[Here you can read (in Catalan) Núria Cadenes’ published letter to Jordi Cuixart, last Christmas Day]
Soto del Real, January 30th, 2018
My dearest Núria,
Thank you so much for being there. I am very aware of how lucky I am to receive more love than I deserve.
You know very well that in prison memories are thawed very easily, as recommended by my admired Pepe Beunza in one of his last letters: ‘concentrate on resisting, hanging on, eliminating toxic thoughts that weaken us’, and revive moments of life comforts me tremendously.
April 1992. A new edition of Santiga Tree Festival, a bucolic village, between Santa Perpètua de Mogoda and Sabadell. With a thousand year old hermitage and a black Virgin. My uncle Navarro and my aunt Tere lived several years in the rectory, doing maintenance and, above all, a civic-cultural activism that is very typical of our society. Both Spanish speakers were passionate about the country. The star activity of the day was (in fact, it still is) a tribute to a Catalan writer with the placement of a plaque in the ‘sentiment wall.’
The year of Garzón’s raid was Martí i Pol’s turn. They were friends with my uncle. The party was splendid. As always, Paco Candel was there with Maruja, Soriano, Altaió, and I think Isabel-Clara Simó also.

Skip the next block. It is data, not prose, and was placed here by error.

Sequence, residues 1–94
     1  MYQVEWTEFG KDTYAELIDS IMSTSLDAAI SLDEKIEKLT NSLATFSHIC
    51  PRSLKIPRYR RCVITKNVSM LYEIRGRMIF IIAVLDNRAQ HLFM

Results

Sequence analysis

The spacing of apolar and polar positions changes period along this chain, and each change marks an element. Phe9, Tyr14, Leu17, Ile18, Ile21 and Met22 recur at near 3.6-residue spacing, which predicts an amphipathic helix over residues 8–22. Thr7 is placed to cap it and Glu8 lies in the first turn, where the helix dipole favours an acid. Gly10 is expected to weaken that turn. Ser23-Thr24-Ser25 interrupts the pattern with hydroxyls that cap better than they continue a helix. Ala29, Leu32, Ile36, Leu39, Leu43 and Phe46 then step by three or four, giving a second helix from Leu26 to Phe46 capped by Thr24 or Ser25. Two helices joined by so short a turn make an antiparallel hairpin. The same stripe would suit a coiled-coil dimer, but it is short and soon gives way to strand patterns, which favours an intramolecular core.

From an early age, I was always near my uncle and my aunt (Tere was the most catalanist of all). I had already decided that I was not going to do military service; the Olympics didn’t care about anything that was not official and the Catalan oasis endured unshakeable.
At the end of the party, Martí i Pol dedicated a poster of the tribute to me: ‘For Jordi Cuixart, with the hope of sharing, forever more, in the same homeland’.
In 2015, just after assuming the presidency of Òmnium Cultural, I remember when in a meeting of reflection on how we could help normalize the collective imaginary of country, the word appeared once and for all: share.
Marina Llansana and Marcel Mauri, always so lucid, clinched de argument: ‘Lluites Compartides’ (Shared Struggles).
And here is where we are, as you say: ‘This country continues to be where we were, and a little bit more’. Or as David Fernàndez will say (my god, how I miss you!): they wanted to bury us and didn’t know that we were the seed.
Thank you for your poem. In return, I have one that you know and I want to tell you that has kept me company in the darkness of the cell, and has allowed me to assume, from hope and tenderness, the moments we have to live (I quote from memory):
And when we are free,
there will be neither oppressors nor oppressed
We will not have to justify ourselves to anybody
and young children will grow up without lies
I love you, Núria. I love you all and I’ll always have you in my heart.
As Llach told you in the Avui newspaper letter that I’ve read so many times: ‘I speak from the heart’. Now I’m also speaking from the bottom of my heart.
We will never weaken,
President d’Òmnium Cultural